I first had my lecture on the PARC principles back in college, and again at the University Centre. They are extremely important as they are the basic priciples that underpin good design. But what are the PARC principles?
PARC stands for:
When page elements are in proximity with one another, we call this a visual unit. Visual units create less clutter on a page, and gives structure to the information you are displaying. It also means that information is more likely to be taken in and remembered when in one, related visual unit.
In design, related elements should be grouped together. For example, contact details on a business card would be one visual unit of related information.
Take a look at the example of business card below (drawn on my ReMarkable tablet). You’ll see that the name and job title is in one unit, whereas the contact information (email and phone number) is close together in their own unit, separate from the name and job title above it.
When starting out as a designer, it’s often tempting to fill out all the white space you can see. This is generally a bad idea, and presents as chaotic, messy and hard to take in information.
Do not fear white space. Use lots of it!
Every element on the page should have a visual connection with another element, whether that’s an obvious connection (such as in a table) or a subtle one (invisible lines).
Elements should not be randomly placed. Visual disconnection is the biggest cause of unpleasant looking documents.
Use a grid when it’s applicable to do so, and always use strong alignments. I talked about alignments in my last post, A Designer’s Notes: Typography, so you can check that out for more. Spoiler: use left align.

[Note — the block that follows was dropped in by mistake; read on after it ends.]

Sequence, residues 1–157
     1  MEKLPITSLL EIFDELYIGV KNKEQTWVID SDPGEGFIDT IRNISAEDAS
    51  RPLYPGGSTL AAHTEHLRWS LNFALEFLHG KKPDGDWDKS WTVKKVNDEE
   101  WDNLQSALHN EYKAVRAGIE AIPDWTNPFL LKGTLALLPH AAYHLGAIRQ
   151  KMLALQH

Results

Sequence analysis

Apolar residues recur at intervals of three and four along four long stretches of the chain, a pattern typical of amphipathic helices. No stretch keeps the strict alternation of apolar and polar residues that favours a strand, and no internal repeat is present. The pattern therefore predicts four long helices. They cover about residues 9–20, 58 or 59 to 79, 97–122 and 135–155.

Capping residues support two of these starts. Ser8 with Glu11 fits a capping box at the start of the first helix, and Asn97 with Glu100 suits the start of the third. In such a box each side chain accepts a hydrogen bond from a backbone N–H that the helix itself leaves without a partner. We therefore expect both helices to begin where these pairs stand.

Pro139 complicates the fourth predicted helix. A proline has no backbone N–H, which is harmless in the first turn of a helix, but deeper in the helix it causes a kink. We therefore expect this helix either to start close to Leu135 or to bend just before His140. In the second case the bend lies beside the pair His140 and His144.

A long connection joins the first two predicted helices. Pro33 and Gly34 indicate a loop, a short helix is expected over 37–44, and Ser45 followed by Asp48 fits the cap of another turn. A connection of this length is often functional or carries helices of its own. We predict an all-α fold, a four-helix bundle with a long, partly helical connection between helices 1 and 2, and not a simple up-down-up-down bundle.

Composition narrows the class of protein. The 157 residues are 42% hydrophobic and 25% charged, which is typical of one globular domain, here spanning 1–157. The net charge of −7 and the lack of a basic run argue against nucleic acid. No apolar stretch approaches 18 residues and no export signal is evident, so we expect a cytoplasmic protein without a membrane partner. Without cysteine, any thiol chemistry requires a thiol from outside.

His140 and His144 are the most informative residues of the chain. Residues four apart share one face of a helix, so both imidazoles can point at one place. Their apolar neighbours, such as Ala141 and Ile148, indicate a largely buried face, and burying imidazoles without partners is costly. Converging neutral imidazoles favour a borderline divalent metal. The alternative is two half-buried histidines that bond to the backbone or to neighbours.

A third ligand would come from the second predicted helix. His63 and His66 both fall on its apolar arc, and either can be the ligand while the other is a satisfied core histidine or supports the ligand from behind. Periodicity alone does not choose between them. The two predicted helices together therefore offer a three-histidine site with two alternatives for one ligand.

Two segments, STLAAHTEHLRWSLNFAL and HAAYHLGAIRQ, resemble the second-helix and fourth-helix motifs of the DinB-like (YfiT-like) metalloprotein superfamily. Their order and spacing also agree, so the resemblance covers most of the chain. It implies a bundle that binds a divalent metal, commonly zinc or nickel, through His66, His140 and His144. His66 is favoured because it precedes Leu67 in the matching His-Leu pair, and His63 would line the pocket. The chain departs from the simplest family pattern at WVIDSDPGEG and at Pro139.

There is one more alignment we need to talk about: justify. Justify changes the space between words to align the text to both edges of a text box. If you have too little text, you can create rivers where there are large gaps between words across multiple lines.
However, justify is also an academic formatting standard, and is used in print. It is not advisable to use in web though, because you have no control over how text will look across multiple font and screen sizes.
The use of repetition across a website, document or other medium helps to unify a layout, and ensure consistency. Repetition can be obvious or subtle in the way that you use it. For example, a colour scheme repeated, a consistent header or the same fonts. In my website, I use the same gradient on links and highlights, and my navigation, hero and footer are always the same.
It’s important to note that using the same, consistent design builds trust with the user. Having a messy, unconsistent design is a sure-fire way to make a person doubt the legitimacy of your brand.
This is mostly used to emphasise the difference between selected elements, and is created when two elements are very different. Contrast creates visual interest for the user and can be used in many different ways.
Have a look at the example I drew up below.
Contrast is required for accessibility criteria on the web, but you should also design with contrast in mind when designing in general, whether that’s in print or digital. There are many people who require good contrast, not to mention decent contrast in text just makes the thing more readable. Don’t use similar colours for text and background, and make sure that there’s plenty of contrast between text and the background. If you’re unsure, you can use any number of tools online. This tool by WebAIM will come in handy.
Let’s wrap up then. Keep your design elements together by context, use strong alignments, make sure you are consistent and use contrast to increase readability and create visual interest. Oh, and don’t be afraid of the white space!
Those are the basics of good design. If you found this useful, please share this about!